National honors for fire chief Marshall Turbeville’s mission to protect Sonoma County from wildfires
Several premier U.S. firefighting organizations will honor one of Sonoma County’s most revered fire chiefs for his quest to make residents safer, better prepared and more self-reliant in the face of increasingly common firestorms.
Marshall Turbeville, chief of the Geyserville-based Northern Sonoma County Fire District and also a Cal Fire battalion chief, will be one of just three American fire-service leaders to receive the 2021 National Wildfire Mitigation Award.
Bestowed by the National Fire Protection Association, the National Organization of State Foresters, the International Association of Fire Chiefs and the USDA Forest Service, the honor recognizes distinguished achievement in reducing the threat of death and destruction from wildfire.
The award citation observes that Turbeville’s leadership has been key to innovative fire prevention and preparation initiatives that include educating and mobilizing residents, removing vast amounts of flammable vegetation, refining evacuation and pre-attack planning and aiding in the creation of C.O.P.E., Citizens Organized to Prepare for Emergencies, a grassroots organization to help communities prepare, respond and recover from emergencies.
A statement from the award sponsors declares succinctly, “Marshall Turbeville personifies the consummate firefighting professional.”
The 46-year-old Geyserville native and son of the town’s late fire chief, Dean Turbeville, said he’s most proud of “helping people to reduce their risk.”
He speaks to many Sonoma County residents about hardening and safeguarding their property against wildfire, connecting and engaging in crisis preparation with their neighbors and accepting the imperative of self-reliance amid a widespread emergency.
Turbeville shared that he often tells people living in rural areas of Sonoma County, “When you need a police officer or firefighter the most, they’re probably not going to be there for you.”
“Once the emergency starts,” the chief said, “our options start decreasing. It’s before the emergency starts that we have the most opportunities to mitigate it.”
Take fire-safe precautions and set some emergency plans, Turbeville said, and “you might be saving your own family’s lives, or you might be saving your neighbor’s life.”
He added that since the deadly and massively destructive firestorms of 2017, he has been far from alone in working to help residents of the region become much less vulnerable to such disasters.
“I know I’m being singled out for this. But, really, it’s what everyone is doing,” he said. “It’s a team award in my opinion.”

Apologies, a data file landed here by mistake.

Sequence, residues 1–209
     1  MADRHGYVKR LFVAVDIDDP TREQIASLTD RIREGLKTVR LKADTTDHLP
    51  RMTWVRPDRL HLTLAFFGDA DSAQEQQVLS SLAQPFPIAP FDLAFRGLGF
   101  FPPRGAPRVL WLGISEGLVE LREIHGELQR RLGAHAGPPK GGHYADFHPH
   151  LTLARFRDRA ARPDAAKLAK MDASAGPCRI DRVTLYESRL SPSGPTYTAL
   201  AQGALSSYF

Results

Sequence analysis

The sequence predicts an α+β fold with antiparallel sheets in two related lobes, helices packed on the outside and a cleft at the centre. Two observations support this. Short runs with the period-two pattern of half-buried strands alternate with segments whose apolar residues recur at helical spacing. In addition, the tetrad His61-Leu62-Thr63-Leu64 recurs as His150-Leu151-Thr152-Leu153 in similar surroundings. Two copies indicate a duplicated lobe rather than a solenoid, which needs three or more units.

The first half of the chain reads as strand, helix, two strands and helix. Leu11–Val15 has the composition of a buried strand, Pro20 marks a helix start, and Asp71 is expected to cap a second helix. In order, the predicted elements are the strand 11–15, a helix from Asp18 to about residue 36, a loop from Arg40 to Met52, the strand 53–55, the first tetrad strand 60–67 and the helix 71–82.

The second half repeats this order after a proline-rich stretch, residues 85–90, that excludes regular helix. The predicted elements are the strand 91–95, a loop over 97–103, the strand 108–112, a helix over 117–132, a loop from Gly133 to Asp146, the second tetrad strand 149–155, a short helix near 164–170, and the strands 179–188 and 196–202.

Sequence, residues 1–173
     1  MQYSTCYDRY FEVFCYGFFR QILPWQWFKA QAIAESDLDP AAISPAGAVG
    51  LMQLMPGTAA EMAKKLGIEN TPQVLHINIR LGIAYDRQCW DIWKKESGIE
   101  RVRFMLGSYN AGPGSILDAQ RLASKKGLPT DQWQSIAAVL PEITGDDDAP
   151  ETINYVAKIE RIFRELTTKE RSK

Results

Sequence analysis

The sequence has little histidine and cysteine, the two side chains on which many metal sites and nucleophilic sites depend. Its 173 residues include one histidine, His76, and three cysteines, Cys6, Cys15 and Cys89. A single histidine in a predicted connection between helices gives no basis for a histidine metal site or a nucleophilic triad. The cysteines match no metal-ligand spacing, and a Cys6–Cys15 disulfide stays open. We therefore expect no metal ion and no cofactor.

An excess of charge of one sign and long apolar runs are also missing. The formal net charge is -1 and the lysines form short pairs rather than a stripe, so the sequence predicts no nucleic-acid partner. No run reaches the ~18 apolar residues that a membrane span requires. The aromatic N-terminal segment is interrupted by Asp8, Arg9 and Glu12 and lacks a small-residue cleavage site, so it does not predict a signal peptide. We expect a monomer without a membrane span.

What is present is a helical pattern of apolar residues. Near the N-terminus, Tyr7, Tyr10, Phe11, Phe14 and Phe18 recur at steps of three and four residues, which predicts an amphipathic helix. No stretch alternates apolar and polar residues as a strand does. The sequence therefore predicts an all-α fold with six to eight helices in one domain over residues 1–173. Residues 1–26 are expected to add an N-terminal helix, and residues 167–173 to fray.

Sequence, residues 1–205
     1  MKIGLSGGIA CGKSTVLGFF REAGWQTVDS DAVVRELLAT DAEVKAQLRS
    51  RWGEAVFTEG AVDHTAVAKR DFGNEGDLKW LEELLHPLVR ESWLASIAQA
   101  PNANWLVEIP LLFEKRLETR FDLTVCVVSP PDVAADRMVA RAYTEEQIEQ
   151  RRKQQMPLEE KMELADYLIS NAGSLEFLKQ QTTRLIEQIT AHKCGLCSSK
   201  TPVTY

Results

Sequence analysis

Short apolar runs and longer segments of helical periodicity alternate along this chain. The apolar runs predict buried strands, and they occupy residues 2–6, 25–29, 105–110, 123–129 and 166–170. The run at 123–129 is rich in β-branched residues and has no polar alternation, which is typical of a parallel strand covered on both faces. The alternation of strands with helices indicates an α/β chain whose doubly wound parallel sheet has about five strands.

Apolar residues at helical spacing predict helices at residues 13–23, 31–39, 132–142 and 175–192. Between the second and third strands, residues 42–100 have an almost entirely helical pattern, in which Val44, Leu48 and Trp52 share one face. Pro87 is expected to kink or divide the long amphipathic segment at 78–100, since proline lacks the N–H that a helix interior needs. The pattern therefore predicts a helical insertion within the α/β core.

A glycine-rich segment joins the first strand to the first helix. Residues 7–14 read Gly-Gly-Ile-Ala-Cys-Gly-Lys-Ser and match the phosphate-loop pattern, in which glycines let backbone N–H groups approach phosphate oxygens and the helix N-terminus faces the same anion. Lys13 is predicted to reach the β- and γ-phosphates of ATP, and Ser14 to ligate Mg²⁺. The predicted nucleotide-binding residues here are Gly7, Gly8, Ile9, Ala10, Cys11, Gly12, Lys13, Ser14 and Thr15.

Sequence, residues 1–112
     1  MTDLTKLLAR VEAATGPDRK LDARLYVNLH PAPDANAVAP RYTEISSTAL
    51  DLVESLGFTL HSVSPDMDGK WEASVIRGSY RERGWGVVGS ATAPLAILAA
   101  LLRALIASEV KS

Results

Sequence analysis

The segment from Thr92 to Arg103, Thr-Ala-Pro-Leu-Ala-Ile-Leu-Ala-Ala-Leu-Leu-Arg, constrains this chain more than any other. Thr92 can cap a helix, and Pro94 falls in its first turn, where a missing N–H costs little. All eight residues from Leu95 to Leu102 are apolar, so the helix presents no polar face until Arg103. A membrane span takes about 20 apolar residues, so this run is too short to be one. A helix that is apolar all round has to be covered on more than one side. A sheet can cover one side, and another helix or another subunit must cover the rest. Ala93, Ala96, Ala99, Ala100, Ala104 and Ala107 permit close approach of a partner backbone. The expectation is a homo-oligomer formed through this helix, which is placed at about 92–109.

To receive a national risk-mitigation award means all the more to Turbeville because he knows it was local people, members of C.O.P.E. Northern Sonoma County, who nominated him for the recognition.
“I can’t say enough about Marshall,” said Healdsburg’s Priscilla Abercrombie, board chair of the nonprofit
“This is a gentleman who has exceptional leadership skills, has a vision,” Abercrombie said. “He’s very deeply connected to this community and has gone so far above and beyond his job description.”
“He’s all about action, it’s not about talk and verbiage,” she said, adding that the work Turbeville does allow residents to feel better prepared — “and capable of taking care of ourselves, which is huge.”
It was Abercrombie and C.O.P.E. colleagues Margie Hanselman and Dyan Urban who nominated the fire chief for the Wildfire Mitigation Award.
Said Jim Gore, the supervisor representing northern Sonoma County, “Marshall Turbeville is my hero. I call him the Fire Whisperer.”
Gore described being on fire lines and witnessing firefighters’ astonishment at Turbeville’s tireless work ethic, his encyclopedic knowledge of the terrain and his art at reading and anticipating fire behavior.
“When you hear that from his peers,” the 4th District supervisor said, “you know it’s real.”
Turbeville has worked nonstop to advance fire prevention and preparation, Gore said. “There’s a reason there’s a reverence surrounding him in north county,“ he said.
Fellow fire service leaders in Sonoma County said Turbeville is a force within the profession who truly has distinguished himself through his efforts to protect the region from firestorms.
“He’s a very sharp individual, one of the finest Cal Fire has. And he’s great to deal with,” said the county’s longest serving fire chief, Steve Baxman of the Monte Rio Fire Protection District.
“He’ll listen, he’ll take advice and he’s always fair and equal,” Baxman said. “He takes care of people. And he cares.”
Career firefighter Jack Piccinini, who retired as a battalion chief in Santa Rosa and has volunteered for decades in Sebastopol, said the myriad fire prevention and preparation plans Turbeville put in place following the 2017 disasters didn’t for long sit unused. With the onset of the Kincade fire in 2019 and the Walbridge fire in 2020, Piccinini said, Turbeville’s mitigation work has been roundly tested.
“And to his credit, it passed the test,” he said. Lives and homes that might have been lost were saved.
Turbeville “really has done a great deal,” Piccinini said. “He’s got a passion for all this stuff.”
In addition to Turbeville, 2021 Wildfire Mitigation Awards will go to Jessica Kirby, who works in open-space management in Park City, Utah, and to Courtney Haynes, a fire mitigation specialist in Colorado.
The awards will be presented at the Wildland-Urban Interface Conference of the International Association of Fire Chiefs scheduled for mid-November in Reno.
You can contact Chris Smith at 707-521-5211 and email@example.com.